In spite of rain yesterday afternoon the public drinking fountain donated to the city by Dr. H. D. Cogswell, of San Francisco was placed in the position allotted to it at the northwest corner of Court House Square. The gift was tendered under the condition that the city should provide a suitable public place for it and surround it with four lamps. These lamps are to be placed, one at each corner, fifteen feet apart. Yesterday the first opportunity was afforded for an inspection of the fountain. It is made of a new metallic composition in which there is no copper and which has a zinc-like appearance. The metal is said to be very durable. The fountain stands sixteen and one-half feet high and is surmounted by a statue of the donor, who is represented as holding a glass of water in his right hand and in his left extending a scroll on which is inscribed: "Accept this offering to my country for the good of my country men." (Signed) H. D. Cogswell, D.D.S. On the front surface of the fountain is the following inscription: "Presented to the City of Rochester By Henry D. Cogswell, a citizen of San Francisco, California. Dedicated to the material wants of our boys and girls, who will soon guide our destinies for a brief period, leaving the stamp of their own individuality, and pass on." The figure 1883 appears in the monogram above this. Below it, near the base, is the word "Welcome," and at the base on the opposite side are the words, "Monumental Bronze Company, Bridgeport, Connecticut. The opposite panel is inscribed as follows: "The records of A.D. 1883 deposited within will rejoice antiquarians, Man and the faithful dog will find here refreshing." The words, "Welcome" and Monumental Bronze Company, Bridgeport, Connecticut." also appear on this side. The accessories of the fountain can hardly be considered artistic or artistically arranged. The fountain is supplied with an arrangement for the application of ice to the pipes as the water flows from them. Several days will be required to complete the fountain and put it in running order.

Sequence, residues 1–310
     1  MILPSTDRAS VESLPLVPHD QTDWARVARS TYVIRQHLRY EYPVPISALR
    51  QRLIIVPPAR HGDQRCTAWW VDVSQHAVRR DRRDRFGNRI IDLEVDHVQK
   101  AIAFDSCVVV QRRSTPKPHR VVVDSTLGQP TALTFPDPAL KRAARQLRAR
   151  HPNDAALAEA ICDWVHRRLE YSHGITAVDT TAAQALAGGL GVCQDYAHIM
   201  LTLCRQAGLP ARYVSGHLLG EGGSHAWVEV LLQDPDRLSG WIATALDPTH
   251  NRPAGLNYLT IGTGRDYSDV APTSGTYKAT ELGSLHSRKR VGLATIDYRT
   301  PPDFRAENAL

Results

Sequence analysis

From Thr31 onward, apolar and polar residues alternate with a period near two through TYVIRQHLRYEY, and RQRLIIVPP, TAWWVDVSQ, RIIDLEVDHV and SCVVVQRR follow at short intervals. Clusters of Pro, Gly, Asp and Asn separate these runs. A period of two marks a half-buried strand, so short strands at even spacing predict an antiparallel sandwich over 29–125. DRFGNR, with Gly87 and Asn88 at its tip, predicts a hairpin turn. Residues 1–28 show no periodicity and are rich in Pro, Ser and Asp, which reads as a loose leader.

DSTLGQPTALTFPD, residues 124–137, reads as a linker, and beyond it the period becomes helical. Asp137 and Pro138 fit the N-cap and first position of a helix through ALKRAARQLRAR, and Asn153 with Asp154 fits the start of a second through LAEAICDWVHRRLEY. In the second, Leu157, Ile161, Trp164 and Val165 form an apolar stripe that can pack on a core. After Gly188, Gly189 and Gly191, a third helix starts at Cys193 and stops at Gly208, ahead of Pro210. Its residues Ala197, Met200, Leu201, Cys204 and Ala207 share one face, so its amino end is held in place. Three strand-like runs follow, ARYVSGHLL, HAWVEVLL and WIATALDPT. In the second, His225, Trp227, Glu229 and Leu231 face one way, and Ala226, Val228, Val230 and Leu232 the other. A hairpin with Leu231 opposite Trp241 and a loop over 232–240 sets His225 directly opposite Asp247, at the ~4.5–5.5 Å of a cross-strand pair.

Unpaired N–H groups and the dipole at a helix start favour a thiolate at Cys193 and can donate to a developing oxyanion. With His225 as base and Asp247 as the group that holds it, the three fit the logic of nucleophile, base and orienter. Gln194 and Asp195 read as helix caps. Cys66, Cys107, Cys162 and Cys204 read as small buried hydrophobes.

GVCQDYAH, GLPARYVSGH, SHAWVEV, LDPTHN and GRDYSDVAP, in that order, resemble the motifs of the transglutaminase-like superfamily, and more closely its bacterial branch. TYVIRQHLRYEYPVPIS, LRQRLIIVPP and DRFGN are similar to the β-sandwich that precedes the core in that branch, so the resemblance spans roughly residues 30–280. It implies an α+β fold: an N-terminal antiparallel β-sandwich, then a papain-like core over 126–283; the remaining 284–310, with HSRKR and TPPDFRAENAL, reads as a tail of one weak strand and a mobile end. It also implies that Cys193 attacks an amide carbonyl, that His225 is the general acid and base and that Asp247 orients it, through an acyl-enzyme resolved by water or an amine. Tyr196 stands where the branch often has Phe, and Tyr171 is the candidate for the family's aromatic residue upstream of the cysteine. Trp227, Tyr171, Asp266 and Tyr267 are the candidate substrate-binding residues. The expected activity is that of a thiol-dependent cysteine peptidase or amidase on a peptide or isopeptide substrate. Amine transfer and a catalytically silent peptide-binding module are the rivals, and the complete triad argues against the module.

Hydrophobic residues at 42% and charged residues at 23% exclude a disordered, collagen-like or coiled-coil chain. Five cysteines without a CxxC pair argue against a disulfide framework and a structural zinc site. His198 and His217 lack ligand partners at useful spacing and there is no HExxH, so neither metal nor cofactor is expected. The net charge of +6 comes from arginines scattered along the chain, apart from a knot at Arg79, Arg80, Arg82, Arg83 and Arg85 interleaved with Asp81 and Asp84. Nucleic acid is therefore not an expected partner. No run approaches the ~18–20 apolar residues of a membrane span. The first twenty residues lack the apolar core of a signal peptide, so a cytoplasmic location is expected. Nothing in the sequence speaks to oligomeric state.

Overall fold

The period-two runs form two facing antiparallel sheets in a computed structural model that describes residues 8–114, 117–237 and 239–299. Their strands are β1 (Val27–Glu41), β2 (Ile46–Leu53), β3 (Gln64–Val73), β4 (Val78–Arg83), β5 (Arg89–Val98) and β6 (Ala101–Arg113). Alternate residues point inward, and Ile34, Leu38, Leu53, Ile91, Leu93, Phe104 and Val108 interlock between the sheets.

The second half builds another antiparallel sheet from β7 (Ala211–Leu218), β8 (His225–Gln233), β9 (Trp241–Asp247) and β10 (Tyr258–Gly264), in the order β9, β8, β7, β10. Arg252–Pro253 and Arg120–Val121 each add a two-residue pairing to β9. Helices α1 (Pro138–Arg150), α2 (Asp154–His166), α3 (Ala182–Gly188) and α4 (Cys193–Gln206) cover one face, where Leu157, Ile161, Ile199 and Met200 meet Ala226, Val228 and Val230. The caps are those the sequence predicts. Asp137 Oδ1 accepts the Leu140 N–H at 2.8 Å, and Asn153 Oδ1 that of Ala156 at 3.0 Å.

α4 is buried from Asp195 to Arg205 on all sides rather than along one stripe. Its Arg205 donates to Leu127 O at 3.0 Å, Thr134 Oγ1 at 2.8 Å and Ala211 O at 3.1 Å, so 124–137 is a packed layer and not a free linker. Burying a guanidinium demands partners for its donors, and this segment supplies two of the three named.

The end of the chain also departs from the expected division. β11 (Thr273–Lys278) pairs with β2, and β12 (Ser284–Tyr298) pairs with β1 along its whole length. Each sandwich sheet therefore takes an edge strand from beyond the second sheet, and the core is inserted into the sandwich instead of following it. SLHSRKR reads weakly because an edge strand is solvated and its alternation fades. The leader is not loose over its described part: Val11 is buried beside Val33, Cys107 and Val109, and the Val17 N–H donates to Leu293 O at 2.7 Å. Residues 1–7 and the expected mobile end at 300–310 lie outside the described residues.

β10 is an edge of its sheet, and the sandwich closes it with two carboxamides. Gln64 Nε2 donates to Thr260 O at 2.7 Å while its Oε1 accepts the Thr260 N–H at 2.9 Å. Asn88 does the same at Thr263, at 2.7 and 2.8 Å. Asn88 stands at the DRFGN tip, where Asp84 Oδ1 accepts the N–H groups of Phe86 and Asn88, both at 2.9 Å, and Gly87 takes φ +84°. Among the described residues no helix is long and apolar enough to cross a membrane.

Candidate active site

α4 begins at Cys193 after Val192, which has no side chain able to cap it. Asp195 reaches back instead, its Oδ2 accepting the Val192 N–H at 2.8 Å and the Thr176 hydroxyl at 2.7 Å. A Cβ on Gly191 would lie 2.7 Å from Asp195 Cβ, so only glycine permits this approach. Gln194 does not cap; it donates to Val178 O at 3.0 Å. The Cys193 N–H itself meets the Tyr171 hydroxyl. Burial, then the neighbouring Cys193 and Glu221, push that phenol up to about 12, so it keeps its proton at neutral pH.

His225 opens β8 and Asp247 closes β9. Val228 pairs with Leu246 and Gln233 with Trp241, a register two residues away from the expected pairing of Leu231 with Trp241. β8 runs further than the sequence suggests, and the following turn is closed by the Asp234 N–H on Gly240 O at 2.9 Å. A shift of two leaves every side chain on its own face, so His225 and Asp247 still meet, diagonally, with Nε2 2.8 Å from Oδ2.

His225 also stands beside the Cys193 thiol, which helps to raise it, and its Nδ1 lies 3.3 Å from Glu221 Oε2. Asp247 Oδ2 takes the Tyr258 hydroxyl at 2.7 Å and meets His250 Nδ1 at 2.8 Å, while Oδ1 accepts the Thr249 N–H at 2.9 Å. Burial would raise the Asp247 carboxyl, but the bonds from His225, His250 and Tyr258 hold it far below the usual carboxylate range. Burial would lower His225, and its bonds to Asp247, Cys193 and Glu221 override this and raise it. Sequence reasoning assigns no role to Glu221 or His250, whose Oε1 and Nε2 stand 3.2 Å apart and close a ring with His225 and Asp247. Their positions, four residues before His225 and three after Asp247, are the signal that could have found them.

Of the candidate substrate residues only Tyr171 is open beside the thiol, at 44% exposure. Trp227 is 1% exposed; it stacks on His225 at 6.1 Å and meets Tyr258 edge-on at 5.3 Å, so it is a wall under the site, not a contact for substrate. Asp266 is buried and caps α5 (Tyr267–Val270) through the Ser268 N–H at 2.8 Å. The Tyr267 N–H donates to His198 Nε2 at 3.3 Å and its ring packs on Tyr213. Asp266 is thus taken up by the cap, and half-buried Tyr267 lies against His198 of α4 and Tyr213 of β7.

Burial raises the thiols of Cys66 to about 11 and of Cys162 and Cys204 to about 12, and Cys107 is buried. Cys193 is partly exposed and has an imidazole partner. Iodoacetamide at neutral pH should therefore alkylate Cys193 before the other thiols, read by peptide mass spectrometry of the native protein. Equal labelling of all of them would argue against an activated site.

Mark Twain's Comment - go back one page for entire entry
From Arch Merrill's Rochester Sketchbook #6,
Maybe you remember when the statue on the Cogswell fountain mysteriously disappeared from the open space in front of the old Court House - and few mourned its departure.
SE corner of Main and Fitzhugh
It was presented to the city by Dr. by Henry Cogswell, a retired San Francisco dentist who cherished the hope that the sight of pure water gushing from a downtown fountain might divert saloon-bound feet. Rochester was one of 16 cities that had such fountains, each surmounted by a six-foot figure of a portly, frock coated gentleman holding out a glass. Some thought the figure glorified Cogswell himself but in reality it represented John B. Gough, the temperance crusader. Many Rochesterians looked upon the figure with a distaste as icy as the water in the fountain.
One March dawn in 1895 a wagon cluttered up to the Court House plaza, men in working clothes leaped out and began battering the statue with crowbars. After they severed John B. Gough from his pedestal, they laid him tenderly in the wagon and drove off. He was never again seen publicly in Rochester. The base remained until work was begun in 1894 on the new Court House.